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Mind tricks: Do puzzles, brain games really keep older minds sharp?

Allison Ward
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Many older adults enjoy “brain games” such as crosswords, sudoku and computer brain-training games. But can they help improve memory? Well, it’s complicated.
Sudoku, crossword puzzles and other brain teasers can bring relaxation at the end of a long day or jump-start the morning over a cup of coffee.
Some people might also use the games to keep their minds sharp as they get older, though the verdict is mixed on whether games have long-term brain benefits.
Aging experts explain that there’s absolutely no harm in doing puzzles (jigsaw included) or other so-called brain games. Though the games stimulate the brain in important ways, there are other more beneficial and scientifically proved ways to improve brain health, such as physical activity, nutrition and social engagement, they say.
“I wouldn’t tell anyone, ‘Don’t do sudoku. Don’t do brain games,’” said Scott Hayes, a clinical psychologist and director of the Buckeye Brain Aging Lab at Ohio State University. “It’s better than watching mindless TV for hours. It’s just sometimes this stuff is marketed in a way that it provides huge benefits when, scientifically, that has not been supported to date.”
He said this is particularly the case with apps, such as Lumosity, that tout unfounded claims to protect against cognitive decline. (Lumosity agreed to pay $2 million to settle a deceptive advertising charge with the Federal Trade Commission in 2016.)
The Global Council on Brain Health, in conjunction with AARP, found in 2017 that the evidence for long-term health benefits of brain games is weak.
Still, another study, published in the International Journal of Geriatric Psychiatry last year, looked at 19,100 people and found that the more people engaged with word and number puzzles, the better they did on attention, memory and reasoning tests.
However, the research did not study whether these activities might prevent cognitive decline.
Keeping the mind sharp is the top area of concern for AARP members, said spokeswoman Michelle Shirer, citing surveys the organization conducts.
“The entire country, it’s a global issue we are all concerned about,” said Shirer. “All of us are aging and we want to be the best we can for as long as we can.”AARP has identified five pillars of brain health: physical activity, discovery (learning a new skill), relaxation (getting enough sleep included), nutrition and social interaction.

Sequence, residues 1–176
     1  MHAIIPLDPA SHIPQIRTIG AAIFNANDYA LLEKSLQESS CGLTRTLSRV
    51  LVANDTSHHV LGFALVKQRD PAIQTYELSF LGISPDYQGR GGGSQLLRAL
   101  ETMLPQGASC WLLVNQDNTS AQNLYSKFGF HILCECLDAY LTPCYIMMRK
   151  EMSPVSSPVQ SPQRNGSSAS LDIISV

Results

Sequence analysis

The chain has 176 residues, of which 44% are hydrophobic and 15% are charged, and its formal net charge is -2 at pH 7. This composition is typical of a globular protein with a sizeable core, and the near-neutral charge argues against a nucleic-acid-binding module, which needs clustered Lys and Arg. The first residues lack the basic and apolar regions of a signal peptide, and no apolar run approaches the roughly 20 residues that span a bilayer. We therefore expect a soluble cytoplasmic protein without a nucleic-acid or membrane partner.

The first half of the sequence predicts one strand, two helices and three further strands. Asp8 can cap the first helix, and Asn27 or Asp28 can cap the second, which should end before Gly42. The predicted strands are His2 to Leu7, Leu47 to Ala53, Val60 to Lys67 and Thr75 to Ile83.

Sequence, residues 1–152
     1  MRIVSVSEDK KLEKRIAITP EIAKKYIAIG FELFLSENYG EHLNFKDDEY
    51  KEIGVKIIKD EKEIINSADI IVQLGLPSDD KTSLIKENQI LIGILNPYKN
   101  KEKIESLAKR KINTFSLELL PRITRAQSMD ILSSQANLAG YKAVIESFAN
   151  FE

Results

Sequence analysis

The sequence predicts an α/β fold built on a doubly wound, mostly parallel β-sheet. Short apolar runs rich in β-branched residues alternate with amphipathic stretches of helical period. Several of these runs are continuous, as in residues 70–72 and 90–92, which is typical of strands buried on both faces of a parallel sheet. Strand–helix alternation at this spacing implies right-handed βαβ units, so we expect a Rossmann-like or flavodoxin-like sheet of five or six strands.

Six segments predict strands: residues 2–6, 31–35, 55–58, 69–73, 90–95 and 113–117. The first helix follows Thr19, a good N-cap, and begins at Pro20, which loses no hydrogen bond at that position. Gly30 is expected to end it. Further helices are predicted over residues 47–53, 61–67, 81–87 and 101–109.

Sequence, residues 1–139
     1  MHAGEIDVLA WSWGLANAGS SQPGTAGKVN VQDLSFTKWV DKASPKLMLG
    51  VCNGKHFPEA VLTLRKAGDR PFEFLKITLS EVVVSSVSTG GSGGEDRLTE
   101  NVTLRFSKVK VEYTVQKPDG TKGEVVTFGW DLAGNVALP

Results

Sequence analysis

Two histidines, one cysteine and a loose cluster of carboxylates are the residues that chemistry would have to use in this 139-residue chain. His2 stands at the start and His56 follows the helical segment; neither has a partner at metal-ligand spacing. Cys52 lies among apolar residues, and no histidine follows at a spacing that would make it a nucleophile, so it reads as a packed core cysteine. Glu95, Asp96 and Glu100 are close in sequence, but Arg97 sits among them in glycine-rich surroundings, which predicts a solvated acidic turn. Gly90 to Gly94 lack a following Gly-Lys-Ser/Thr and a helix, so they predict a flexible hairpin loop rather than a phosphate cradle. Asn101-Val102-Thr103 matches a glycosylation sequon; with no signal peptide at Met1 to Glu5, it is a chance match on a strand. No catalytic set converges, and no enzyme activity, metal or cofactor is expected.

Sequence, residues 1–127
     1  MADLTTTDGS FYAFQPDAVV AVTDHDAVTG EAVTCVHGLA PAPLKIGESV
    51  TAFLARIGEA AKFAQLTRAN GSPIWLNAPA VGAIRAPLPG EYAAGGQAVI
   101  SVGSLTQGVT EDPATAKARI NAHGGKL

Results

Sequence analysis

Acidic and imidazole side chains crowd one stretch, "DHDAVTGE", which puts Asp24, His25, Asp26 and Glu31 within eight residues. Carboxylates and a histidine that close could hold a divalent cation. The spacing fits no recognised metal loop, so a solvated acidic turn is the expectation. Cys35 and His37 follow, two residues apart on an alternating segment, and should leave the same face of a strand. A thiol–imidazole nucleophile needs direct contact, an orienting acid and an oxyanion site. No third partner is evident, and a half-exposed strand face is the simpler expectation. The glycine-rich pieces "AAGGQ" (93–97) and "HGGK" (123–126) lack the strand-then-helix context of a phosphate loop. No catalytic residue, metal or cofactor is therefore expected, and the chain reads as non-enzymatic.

Shirer said that one major brain myth is that people are born with all their neurons. In fact, areas of the brain do grow, and people can influence those changes as they age.
However, that takes engaging in activities that are “novel, highly engaging, mentally challenging and enjoyable.”
Though enrolling in a Spanish class or picking up the guitar certainly fit that bill, Shirer explained that “stimulating” activities can be as easy as playing a new game with grandchildren or learning a new technology.
“That adage of ‘you can’t teach an old dog new tricks’ is not true,” Shirer said.
And a good physical workout just might be the best brain exercise, said Hayes, whose research focuses on the variables that can slow age-related cognitive decline.
“People ask, ‘I’ve got an hour, 30 minutes, 15 minutes, what can I do?’” Hayes said. “I recommend a physical fitness activity over cognitive exercises.”
However, he said some brain training can be an effective tool for working on certain tasks, such as remembering people’s faces and names.
People can get better at that, but it doesn’t necessarily translate to other areas, like remembering a grocery list, Hayes said.
Learning Rx, a brain-training center in Dublin, Ohio, provides one-on-one sessions for people wanting to improve their cognitive skills, said David O’Reilly, owner of the local franchise that has 167 facilities worldwide. Clients range from children with learning disabilities to patients who have suffered strokes to older adults hoping to slow decline.
“They want to continue to sharpen their memory,” said O’Reilly, who opened his center six years ago after his family struggled to find cognitive help for his mother. “Maybe they’re not keeping up with the pace of the workplace when it comes to memory, processing and speed. A number of people want to continue to sharpen their reading skills.”
People need to work out their brains just like their bodies, O’Reilly added.
“Game nights, cards, doing sudoku, continue reading — anything that is getting your mind active and engaged,” O’Reilly said.
Shirer said people should be proactive.
“It’s encouraging for people to take this on and own it,” she said. “They can be actionable.”